August 2018

August 31, 2018

NetNewsWire Comes Home

Brent Simmons:

After some years spent traveling the world, NetNewsWire is now back where it started! It’s my app again.

This makes me so happy. Here’s the first mention of NetNewsWire on this site.

I really enjoyed Steve Inskeep’s interview with Carlos Monje, Twitter’s head of public policy this morning. “Why do the users who know your service best, commonly describe it as a ‘cesspool’?” *Five seconds of dead air followed by a dodge.*

The new Chrome UI is really nice. My favorite tab style was the one with the angled sides with slightly curved corners, but this latest approach is pretty solid. I like that they moved the Google ID into the main bar and gave it a menu. I think the tabs could stand to lose some vertical space in order to line up better with the window controls though.

I updated my list of Pixar movies and short films.

August 20, 2018

The New New York Times

NYT: Meet Our New Home Page

In a few weeks, we will update our home page with a new design that we’ve been testing with a small group of readers since last year.


I don’t always sit in the passenger’s seat. But when I do, I prefer that the sunset does something like this.


The only time I feel like I ever see those wider-gamut colors that modern devices support is in these flowers.


Experimenting with title-less posts. Just like in the good ol’ days.

August 8, 2018

The Day Twitter Died

Matt Haughey:

Over the years I started to get increasingly frustrated with the decisions made by Twitter. Every six months or so something would happen that’d make me stop and ask why I still use the site and I kept thinking of all the new voices I’d read and enjoyed that I wouldn’t have been exposed to otherwise. But the looming doubt over the future of the service eventually became too great.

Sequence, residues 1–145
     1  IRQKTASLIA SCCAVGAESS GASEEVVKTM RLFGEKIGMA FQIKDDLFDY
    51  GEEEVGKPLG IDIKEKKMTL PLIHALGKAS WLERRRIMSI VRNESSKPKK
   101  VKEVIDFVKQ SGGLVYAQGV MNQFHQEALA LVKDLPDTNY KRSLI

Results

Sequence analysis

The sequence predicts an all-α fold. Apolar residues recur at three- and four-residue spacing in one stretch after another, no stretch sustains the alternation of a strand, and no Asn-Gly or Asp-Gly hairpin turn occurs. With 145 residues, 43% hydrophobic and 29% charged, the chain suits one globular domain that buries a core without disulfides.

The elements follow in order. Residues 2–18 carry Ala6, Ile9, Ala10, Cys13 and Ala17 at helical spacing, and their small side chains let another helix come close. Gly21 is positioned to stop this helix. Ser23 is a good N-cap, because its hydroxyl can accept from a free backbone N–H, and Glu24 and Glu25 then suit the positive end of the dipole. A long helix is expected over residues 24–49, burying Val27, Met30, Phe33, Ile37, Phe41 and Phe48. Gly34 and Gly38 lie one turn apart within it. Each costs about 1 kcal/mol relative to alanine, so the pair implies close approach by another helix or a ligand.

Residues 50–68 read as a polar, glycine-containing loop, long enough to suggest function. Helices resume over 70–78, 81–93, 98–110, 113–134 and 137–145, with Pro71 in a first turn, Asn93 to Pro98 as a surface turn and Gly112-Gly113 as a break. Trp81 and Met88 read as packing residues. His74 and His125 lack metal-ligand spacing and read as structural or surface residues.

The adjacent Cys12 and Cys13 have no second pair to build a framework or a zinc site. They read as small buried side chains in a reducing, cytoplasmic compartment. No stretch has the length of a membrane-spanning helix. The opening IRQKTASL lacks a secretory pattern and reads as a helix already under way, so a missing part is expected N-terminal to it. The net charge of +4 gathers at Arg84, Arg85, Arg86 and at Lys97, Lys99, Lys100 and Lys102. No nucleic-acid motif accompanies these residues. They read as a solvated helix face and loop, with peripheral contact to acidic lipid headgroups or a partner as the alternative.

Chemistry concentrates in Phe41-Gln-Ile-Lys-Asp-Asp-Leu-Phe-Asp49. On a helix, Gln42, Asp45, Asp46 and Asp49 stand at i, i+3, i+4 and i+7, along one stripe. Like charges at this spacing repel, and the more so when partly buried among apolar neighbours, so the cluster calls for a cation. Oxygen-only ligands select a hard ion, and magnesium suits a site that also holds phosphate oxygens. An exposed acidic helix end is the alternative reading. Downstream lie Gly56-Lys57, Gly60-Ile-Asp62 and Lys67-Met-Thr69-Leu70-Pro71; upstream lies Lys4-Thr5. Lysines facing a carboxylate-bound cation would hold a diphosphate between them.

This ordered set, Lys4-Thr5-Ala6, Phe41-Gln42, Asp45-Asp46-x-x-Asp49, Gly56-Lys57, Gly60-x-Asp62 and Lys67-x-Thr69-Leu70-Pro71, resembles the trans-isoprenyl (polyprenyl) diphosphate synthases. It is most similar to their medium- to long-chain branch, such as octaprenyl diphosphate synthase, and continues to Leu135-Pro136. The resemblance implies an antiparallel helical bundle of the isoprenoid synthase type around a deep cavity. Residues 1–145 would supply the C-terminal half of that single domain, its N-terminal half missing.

Brent Simmons:

Last night I deleted all my tweets going back to the beginning of Twitter time.


In effect, Twitter is at a moral crossroads — and choosing the wrong path. The choice to allow Jones and his rhetoric to remain active on the platform suggests that there is no point at which a situation will become morally reprehensible enough for the company to take a stand.

The Verge:

Dorsey’s preoccupation with appearing apolitical blinds him, and Twitter writ large, to the fact that inaction and selective enforcement are political acts.


I’m tired of rationalizing my participation on this site. If these are the voices that @jack and @twitter choose to amplify… it’s time for the rest of us to leave.

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